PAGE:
SAN ANTONIO (Philippines) • US and Philippine troops stormed ashore from the disputed South China Sea yesterday for military exercises that President Rodrigo Duterte had promised to scrap, but quietly allowed to carry on.
The decades-old tradition appeared headed for the history books last year as Mr Duterte pivoted towards China - and away from long-time ally the United States.
But the number of troops taking part in the drills has increased by almost half from last year to 8,000, a return to figures seen in years past when the exercises served as a thinly veiled deterrent to a rising China.
The reason for Mr Duterte's change of heart on the two-week drills code named "Balikatan", or "Shoulder-to-Shoulder", may be down to what experts see as careful efforts by the Filipino military.
"The fact it's being done under this administration means they (Duterte's government) now have a better understanding of the security equation," said political analyst Victor Andres Manhit.
Though the bulked-up manoeuvres - including a live-fire component that was dropped last year - took place on a naval base just 180km east of the Filipino-claimed Scarborough Shoal that China has controlled since 2012, the drill's leaders barely mentioned Beijing.
"We are an island nation. That's why we need to improve our capabilities on amphibious operations," Philippine Lieutenant-General Emmanuel Salamat told reporters. "We're not concerned about Scarborough. We're concerned about what we're doing here."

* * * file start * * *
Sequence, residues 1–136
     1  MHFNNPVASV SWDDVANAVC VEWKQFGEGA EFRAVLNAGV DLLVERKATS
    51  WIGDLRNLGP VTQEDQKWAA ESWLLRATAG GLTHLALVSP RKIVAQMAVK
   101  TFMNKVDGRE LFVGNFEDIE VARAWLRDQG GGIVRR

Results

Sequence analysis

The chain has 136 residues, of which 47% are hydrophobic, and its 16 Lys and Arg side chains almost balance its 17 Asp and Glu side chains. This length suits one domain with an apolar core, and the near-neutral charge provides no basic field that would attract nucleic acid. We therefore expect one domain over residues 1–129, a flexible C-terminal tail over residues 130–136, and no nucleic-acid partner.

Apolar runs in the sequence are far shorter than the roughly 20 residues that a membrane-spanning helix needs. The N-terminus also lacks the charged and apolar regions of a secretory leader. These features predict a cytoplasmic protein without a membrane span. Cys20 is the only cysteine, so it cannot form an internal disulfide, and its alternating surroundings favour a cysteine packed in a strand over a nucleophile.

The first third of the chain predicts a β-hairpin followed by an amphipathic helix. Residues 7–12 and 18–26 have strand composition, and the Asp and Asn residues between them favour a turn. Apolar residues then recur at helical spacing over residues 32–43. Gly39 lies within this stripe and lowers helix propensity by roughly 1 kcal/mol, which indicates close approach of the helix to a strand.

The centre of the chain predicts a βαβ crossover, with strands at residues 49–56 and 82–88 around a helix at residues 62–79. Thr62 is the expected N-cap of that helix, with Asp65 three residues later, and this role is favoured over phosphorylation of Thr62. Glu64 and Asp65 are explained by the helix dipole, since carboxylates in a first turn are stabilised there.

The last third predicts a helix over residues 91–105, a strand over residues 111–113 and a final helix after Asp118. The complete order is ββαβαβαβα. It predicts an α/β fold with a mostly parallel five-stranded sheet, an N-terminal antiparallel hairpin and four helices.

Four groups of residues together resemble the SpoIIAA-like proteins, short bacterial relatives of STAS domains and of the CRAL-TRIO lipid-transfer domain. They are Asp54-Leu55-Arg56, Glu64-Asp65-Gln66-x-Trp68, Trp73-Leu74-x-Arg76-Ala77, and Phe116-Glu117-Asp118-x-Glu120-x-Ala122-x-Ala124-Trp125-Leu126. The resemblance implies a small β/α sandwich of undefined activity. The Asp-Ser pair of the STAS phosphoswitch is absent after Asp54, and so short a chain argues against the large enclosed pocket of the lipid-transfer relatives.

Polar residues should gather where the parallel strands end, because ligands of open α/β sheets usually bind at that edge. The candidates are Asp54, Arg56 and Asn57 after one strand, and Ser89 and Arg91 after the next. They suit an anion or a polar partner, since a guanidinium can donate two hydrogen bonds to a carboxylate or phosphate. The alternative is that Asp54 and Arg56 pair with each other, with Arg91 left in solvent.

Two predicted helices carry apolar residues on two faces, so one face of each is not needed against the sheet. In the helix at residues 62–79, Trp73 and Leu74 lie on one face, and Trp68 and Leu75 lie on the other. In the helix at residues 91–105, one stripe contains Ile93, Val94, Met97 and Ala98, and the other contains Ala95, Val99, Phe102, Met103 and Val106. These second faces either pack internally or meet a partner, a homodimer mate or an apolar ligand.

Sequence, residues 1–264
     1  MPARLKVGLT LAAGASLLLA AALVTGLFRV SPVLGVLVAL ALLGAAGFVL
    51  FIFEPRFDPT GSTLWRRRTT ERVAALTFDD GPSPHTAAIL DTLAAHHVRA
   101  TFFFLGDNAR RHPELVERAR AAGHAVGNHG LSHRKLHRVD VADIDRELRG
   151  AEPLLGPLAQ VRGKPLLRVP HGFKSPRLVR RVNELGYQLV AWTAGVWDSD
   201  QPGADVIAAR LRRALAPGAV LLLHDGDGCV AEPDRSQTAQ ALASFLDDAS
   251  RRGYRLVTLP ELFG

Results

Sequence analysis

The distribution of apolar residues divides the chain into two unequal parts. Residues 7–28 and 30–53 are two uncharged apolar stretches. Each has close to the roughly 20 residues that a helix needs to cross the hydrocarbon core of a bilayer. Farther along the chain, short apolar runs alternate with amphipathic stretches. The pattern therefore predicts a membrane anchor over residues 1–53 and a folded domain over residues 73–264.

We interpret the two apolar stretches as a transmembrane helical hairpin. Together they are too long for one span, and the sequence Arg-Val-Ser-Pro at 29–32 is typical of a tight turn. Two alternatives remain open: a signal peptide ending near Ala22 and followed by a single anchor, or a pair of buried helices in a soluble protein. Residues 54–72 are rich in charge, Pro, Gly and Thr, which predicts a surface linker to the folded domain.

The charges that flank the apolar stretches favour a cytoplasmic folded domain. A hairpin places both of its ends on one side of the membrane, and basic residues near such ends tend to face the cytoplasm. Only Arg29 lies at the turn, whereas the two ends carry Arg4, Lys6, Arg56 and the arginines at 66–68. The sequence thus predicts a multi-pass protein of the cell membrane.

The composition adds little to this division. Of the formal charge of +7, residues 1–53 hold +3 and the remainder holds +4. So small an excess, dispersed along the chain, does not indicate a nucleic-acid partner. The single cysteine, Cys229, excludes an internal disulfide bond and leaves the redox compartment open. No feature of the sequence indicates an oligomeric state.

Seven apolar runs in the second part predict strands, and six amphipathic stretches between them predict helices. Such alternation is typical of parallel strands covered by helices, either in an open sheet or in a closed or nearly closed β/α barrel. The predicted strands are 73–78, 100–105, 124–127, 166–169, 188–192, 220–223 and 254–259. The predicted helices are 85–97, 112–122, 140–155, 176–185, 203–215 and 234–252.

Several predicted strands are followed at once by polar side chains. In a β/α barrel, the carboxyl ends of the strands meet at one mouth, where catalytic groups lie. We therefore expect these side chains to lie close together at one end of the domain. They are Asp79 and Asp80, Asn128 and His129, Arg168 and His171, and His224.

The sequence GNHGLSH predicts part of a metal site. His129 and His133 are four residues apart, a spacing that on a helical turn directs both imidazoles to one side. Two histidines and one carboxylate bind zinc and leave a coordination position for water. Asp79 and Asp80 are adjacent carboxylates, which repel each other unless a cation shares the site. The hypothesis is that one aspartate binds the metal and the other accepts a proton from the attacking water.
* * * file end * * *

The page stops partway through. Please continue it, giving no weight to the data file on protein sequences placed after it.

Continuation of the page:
China claims most of the South China Sea, a strategic waterway believed to harbour significant oil and natural gas deposits.
But their assertion was ruled illegal in 2016, after the government of Mr Duterte's predecessor Benigno Aquino filed a suit at an international tribunal in The Hague.
Mr Duterte has since reversed course and set the ruling aside, along with long-simmering friction over competing claims to the waters, in order to court Chinese trade and investment.
He has also cut two major annual naval exercises with the US, and last year reduced the Balikatan contingent to 5,400 American and Filipino troops.
The decision came at a low point for US-Philippine relations, when Mr Duterte hurled insults at the American ambassador to Manila and served notice that the 2017 edition would "be the last military exercise" with the United States.
Much of Mr Duterte's ire appeared to have been triggered by American criticism of his deadly anti-drug crackdown.
The renewed ramping up of the US-Philippine war games coincides with improving ties with Washington under President Donald Trump, who has said drug dealers should face the death penalty.
Analysts said Philippine Defence Secretary Delfin Lorenzana, a retired general and ex-defence attache to Washington, and other advisers had helped moderate Mr Duterte's position.
"He (Lorenzana) could handle, in a very effective way, most of the President's biases without ruffling feathers," said Mr Roilo Golez, a former national security adviser of former Philippine leader Gloria Arroyo.